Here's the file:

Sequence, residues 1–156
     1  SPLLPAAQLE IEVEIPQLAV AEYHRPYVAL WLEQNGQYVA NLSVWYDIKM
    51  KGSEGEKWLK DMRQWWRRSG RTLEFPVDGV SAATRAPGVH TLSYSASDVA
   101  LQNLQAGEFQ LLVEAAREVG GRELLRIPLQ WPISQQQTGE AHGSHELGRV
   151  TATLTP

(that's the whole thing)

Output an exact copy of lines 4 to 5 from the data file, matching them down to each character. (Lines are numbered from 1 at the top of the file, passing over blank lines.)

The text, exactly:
   101  LQNLQAGEFQ LLVEAAREVG GRELLRIPLQ WPISQQQTGE AHGSHELGRV
   151  TATLTP